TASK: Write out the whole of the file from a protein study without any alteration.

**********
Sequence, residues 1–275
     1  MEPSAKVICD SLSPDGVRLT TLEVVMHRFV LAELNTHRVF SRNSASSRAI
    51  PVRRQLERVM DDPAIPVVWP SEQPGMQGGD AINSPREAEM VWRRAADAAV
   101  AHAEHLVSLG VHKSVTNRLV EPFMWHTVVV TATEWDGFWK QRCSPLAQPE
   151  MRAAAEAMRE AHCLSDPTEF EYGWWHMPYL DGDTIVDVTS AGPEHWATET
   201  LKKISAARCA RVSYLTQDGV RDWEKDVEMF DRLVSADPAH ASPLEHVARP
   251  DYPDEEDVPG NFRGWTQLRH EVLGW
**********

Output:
Sequence, residues 1–275
     1  MEPSAKVICD SLSPDGVRLT TLEVVMHRFV LAELNTHRVF SRNSASSRAI
    51  PVRRQLERVM DDPAIPVVWP SEQPGMQGGD AINSPREAEM VWRRAADAAV
   101  AHAEHLVSLG VHKSVTNRLV EPFMWHTVVV TATEWDGFWK QRCSPLAQPE
   151  MRAAAEAMRE AHCLSDPTEF EYGWWHMPYL DGDTIVDVTS AGPEHWATET
   201  LKKISAARCA RVSYLTQDGV RDWEKDVEMF DRLVSADPAH ASPLEHVARP
   251  DYPDEEDVPG NFRGWTQLRH EVLGW